• Six or more servings of green leafy vegetables a week.
  • Berries twice a week.
  • Five or more servings of nuts per week.
  • Use olive oil for cooking.
  • A minimum of three servings of whole grains every day.
  • A serving of fatty fish (ex. salmon, sardines, tuna) at least once a week.
  • A poultry dish at least twice a week. However, fried chicken is discouraged.

4. Ditch the Cigarette

There are so many reasons to quit smoking, and dementia is one of them. A World Health Organization report revealed that smokers have a 45% risk of having dementia. Studies also indicate that quitting the habit can reduce the odds of having the condition. It will also help bring the risk down to the same level as those who don’t smoke.

So regardless of your age or how long you’ve been smoking, quitting now is a good move. Trying to quit cold turkey is challenging, though, so consider asking your doctor for advice. You can also look for advisers who specialize in helping people ditch the habit.

5. Avoid Alcohol

While keeping away from alcohol is ideal, there’s also nothing wrong with indulging in a glass of wine or two. It’s best to imbibe within the recommended levels, which is a maximum of 14 units a week. This is equivalent to seven pints of beer or five large glasses of wine.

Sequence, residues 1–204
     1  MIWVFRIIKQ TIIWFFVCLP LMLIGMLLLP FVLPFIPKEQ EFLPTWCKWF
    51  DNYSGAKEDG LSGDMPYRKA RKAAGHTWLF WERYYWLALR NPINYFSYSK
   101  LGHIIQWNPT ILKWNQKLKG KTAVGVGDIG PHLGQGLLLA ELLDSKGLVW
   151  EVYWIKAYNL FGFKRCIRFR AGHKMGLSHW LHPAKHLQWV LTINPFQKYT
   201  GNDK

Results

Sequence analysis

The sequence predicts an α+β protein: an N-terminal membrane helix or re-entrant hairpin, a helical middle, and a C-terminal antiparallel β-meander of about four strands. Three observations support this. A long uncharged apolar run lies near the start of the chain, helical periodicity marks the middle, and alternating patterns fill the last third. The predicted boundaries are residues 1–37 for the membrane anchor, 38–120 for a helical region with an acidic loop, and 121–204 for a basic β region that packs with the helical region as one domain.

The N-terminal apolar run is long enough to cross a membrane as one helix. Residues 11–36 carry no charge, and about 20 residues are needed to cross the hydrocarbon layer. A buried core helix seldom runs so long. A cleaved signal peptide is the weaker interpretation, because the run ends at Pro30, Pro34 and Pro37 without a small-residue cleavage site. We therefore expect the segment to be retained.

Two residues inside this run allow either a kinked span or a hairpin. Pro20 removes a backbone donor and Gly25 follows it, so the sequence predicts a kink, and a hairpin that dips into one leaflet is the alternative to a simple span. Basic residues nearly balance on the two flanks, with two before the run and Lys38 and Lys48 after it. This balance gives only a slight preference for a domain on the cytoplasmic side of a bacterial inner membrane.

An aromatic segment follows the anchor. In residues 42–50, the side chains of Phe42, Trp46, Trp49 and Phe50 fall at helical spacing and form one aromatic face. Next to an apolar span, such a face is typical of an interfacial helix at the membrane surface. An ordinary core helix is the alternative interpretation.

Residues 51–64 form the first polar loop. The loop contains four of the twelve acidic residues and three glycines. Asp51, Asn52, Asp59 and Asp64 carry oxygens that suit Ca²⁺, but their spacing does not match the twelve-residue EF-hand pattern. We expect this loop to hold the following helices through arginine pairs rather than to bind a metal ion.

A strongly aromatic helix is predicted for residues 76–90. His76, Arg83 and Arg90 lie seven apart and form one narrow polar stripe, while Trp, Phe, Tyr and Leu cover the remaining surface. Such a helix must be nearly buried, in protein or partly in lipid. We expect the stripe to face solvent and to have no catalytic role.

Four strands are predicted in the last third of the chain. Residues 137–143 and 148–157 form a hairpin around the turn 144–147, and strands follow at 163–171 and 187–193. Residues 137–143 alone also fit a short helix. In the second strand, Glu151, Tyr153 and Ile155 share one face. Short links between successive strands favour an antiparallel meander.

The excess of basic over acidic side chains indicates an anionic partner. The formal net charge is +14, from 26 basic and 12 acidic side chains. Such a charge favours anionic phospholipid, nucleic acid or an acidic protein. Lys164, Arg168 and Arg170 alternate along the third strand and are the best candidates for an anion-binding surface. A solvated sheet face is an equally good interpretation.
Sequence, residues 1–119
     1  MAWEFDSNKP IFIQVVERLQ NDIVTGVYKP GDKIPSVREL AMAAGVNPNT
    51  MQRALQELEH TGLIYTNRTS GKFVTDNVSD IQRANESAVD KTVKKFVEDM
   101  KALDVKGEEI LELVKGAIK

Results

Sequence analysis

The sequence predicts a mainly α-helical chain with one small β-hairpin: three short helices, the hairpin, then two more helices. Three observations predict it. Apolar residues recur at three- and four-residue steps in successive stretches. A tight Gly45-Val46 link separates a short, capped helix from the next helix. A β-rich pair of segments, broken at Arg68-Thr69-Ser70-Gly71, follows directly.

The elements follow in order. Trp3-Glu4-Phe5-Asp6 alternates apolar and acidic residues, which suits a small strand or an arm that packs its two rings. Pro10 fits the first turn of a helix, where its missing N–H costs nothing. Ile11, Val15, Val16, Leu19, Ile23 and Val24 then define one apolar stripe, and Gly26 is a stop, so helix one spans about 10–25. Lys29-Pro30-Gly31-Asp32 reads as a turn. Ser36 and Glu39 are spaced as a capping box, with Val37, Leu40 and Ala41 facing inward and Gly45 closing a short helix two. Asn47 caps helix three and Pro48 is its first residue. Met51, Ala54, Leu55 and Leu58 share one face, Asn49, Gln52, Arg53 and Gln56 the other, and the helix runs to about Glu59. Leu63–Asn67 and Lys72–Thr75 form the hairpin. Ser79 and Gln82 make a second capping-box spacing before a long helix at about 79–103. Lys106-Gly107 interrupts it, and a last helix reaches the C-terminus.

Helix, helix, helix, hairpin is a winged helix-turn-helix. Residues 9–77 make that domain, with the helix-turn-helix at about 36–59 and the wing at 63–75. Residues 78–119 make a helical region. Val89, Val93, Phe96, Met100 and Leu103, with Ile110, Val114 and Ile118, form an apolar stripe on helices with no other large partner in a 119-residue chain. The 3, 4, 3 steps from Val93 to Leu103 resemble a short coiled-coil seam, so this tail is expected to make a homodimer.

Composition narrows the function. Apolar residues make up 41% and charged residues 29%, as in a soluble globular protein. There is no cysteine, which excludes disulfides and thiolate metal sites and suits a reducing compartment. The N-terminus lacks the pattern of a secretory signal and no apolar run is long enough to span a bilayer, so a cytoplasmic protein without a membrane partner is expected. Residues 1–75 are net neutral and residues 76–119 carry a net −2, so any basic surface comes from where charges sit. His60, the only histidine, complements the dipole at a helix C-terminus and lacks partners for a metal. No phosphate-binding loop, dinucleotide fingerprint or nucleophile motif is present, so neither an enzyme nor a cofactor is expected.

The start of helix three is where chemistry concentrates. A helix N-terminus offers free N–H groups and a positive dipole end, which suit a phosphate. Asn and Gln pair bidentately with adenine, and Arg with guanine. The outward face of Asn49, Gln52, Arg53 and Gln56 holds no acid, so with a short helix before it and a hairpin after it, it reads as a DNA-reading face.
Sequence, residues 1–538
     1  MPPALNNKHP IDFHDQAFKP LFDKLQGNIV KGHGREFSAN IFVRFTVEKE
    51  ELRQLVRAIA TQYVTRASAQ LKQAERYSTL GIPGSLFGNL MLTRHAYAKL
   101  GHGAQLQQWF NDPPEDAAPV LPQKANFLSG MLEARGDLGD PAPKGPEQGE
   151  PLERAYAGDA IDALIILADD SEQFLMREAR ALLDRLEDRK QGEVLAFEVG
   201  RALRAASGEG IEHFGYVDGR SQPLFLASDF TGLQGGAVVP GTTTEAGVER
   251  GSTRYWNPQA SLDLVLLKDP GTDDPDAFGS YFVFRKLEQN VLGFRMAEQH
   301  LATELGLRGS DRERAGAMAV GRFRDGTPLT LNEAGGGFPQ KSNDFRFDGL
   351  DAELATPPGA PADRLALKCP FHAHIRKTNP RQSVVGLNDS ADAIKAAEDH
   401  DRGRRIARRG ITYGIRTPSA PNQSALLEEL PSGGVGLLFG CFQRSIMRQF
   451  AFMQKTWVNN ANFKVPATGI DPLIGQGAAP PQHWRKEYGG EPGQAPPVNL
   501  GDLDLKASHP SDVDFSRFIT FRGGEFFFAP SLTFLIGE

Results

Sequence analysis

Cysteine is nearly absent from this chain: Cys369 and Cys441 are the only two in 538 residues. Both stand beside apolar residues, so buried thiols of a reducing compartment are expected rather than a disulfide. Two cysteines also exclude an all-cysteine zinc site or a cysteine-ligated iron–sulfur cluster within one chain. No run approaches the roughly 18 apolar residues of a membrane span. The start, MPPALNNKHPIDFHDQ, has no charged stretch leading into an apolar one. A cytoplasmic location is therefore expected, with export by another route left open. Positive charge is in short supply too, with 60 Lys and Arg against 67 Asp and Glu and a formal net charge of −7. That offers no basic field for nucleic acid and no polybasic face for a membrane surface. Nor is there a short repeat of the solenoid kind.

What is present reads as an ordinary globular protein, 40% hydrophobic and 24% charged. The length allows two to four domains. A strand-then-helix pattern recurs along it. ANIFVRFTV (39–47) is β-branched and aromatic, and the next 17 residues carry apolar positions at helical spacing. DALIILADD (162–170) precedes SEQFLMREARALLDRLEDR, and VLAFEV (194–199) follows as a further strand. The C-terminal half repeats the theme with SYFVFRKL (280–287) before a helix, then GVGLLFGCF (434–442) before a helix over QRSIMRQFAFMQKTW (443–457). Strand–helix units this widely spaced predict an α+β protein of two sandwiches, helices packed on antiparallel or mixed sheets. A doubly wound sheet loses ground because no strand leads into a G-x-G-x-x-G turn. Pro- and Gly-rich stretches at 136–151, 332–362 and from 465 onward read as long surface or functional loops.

There are several ways to help you cut down on your alcohol intake. For instance, you can use smaller glasses or choose drinks with low alcohol content. You can also choose just to drink while eating dinner.

6. Stay in Touch with Your Friends

More experts now believe that staying in touch with friends and engaging in social activities also keep your brain healthy. It makes sense that having a strong and supportive network helps. Staying socially active and engaged will make you less vulnerable to depression. You also learn to become more resilient.

Make an effort to stay in touch with your family and friends. Schedule visits. Volunteer to look after the young ones. Travel at least once a year. You should also consider joining an activity or social club or a church group.

7. Make Sure You Get Good Quality Sleep

Getting eight hours or more of good quality sleep will help keep your mind and body healthy. Research has shown that insomnia and other sleep disorders can make you more vulnerable to Alzheimer’s as well as putting you at risk for numerous health issues, like increased cortisol levels and stress.

8. Talk to a Professional about Depression

Depression is one symptom that manifests in the early stages of dementia. People with a history of depression and anxiety have also been found to be at more risk of developing this condition. Research has indicated that people who manage their depression will have an easier time coping with the changes that dementia brings.

Talking to a professional will do wonders in helping you understand and deal with depression. Your doctor can also prescribe medication or recommend physical activities that will help ease symptoms.

The idea of having dementia or watching a loved one suffering from it is daunting. While there’s no definite treatment, changing your lifestyle will go a long way in helping reduce the risk of dementia.